State-owned assets should be sold to boost economy

  • 2009-11-12
  • Staff and wire reports
RIGA - Maris Zanders, chief editor of Latvia's business magazine Kapitals, says that resources needed to stimulate the economy could be obtained by selling state property, reports news agency LETA. The call to sell off state property, if done transparently, could serve to boost state coffers during these difficult economic times while at the same time turning over management and operations of land and companies to more productive private industry.
e editor, commenting on the government budget crisis and the strict terms it faces in receiving loans from international lenders, complains that it is still unclear why the group of lenders insist on next year's budget consolidation by 500 million lats (714 million euros), even though the government claims that the other demand, limiting the budget deficit to 8.5 percent, will be met.
"Most probably lenders [worry] that the residents of Latvia could turn to the Constitutional Court, contest many of the introduced and planned budget cuts and, eventually, as a result, the deficit could grow to 10 percent. Therefore, they take precautionary measures [to protect themselves] with a reserve," surmises Zanders.

"However, the question arises as to why a 10 percent budget deficit should also cause so much nervousness," he questions. Zanders points to the likelihood that this year the government deficit for the U.S. will be around 13.5 percent of GDP, in the UK about 14.4, 10.6 percent for Spain and 8.2 percent for France.

These countries, however, despite the economic slowdown and budget problems they face, still have the trust of foreign investors who are willing to buy the government debt and finance the budget deficits. The investors believe that they will be paid back. The Latvian government has lost the trust of foreign investors.

Zanders continues that "We are reminded that we keep on spending more money than we earn, that we live in debt. It leads to the conclusion that other debtor nations are for some strange reason considered better than Latvia. The frenzy around Latvia and statements that we are almost a threat to stability in Eastern Europe makes one believe that having debt makes us transgressors. This is not the case; we have only followed the example of our older brothers. What Latvia is asked to do over a few years, to put the state's financial system in order, the U.S., for example plans to accomplish by 2025."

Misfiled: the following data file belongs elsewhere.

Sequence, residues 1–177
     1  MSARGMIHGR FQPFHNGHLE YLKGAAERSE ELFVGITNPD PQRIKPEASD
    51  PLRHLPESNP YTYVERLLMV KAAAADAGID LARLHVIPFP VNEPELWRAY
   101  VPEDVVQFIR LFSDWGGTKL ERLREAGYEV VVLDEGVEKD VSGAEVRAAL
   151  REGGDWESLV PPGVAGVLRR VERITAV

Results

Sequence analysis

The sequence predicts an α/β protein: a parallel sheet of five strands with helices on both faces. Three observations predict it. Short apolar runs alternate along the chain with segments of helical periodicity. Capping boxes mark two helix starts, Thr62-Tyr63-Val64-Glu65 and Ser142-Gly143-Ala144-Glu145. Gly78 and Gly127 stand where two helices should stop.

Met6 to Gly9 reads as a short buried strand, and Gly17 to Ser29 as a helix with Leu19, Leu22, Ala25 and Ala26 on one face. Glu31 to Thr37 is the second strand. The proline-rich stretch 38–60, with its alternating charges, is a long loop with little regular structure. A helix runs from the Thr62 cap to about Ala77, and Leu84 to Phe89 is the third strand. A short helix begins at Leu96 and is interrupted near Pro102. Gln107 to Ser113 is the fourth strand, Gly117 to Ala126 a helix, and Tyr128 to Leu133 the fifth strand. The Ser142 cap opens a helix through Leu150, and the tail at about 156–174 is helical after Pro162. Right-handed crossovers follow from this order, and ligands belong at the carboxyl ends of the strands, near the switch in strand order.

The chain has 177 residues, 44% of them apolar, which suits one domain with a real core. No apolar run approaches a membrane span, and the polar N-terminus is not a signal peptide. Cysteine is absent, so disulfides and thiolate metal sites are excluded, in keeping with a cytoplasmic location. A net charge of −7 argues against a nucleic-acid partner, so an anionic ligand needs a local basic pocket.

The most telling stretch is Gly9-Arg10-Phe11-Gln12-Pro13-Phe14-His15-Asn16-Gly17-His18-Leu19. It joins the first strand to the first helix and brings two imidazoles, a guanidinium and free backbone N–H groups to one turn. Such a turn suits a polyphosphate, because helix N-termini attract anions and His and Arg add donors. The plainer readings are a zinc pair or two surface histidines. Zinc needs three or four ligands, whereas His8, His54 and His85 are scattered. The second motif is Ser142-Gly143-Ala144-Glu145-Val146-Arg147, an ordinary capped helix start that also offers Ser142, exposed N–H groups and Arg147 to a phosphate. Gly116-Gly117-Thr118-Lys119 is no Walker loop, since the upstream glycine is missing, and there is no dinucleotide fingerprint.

He spurns as ungrounded statements that Latvia would find it difficult to obtain a loan, recalling that such problems occur in cases where there is a "coup in the country or a similar turn of events. Sanctions cannot be imposed because of a freer interpretation of economic commitments."

The Latvian government tried and failed on June 3 this year to raise money through a short-term Treasury-bill auction, in the amount of 50 million lats (71.4 million euros). Foreign investors showed no interest. Fears centered around the possibility that Latvia was ready to devalue its currency due to the economic situation, reported the Financial Times.

Latvia has few alternatives now from where to borrow money other than the IMF-led group of lenders.
Zanders says that "The decision to withdraw such a large sum of money from the economy to avoid making the international lenders angry and keep politicians' promises will have similar consequences as those of a natural disaster or a war. As President Zatlers points out, people can also survive such horrors, but it brings little relief. The government should think of ways to ensure that after these 12 months of experimenting [with the budget], at least a few more million 'new lats' will appear in the budget." These "millions" can come from selling state property, he reiterates.

This is not the wrong time to sell state property. Zanders emphasizes that "People's lives right now are a more important factor than the expected higher price the state would receive if [waiting to sell the properties] after a few years. Furthermore, claims that everyone would now be offering only disproportionately low prices for property and businesses are not true: every week banks, telecommunications companies, etc., are being sold."

These are only excuses, he says. "The government should set up a group which would receive salaries proportionate to the sum of money obtained in sales deals; the group should be in charge of selling Parex bank, state shares in telecommunications companies and other enterprises, and so on. What other alternatives do we have?" he asks.
Latvia is dependent on a 7.5 billion euro aid package from the IMF and EU lenders to sustain it through the economic crisis.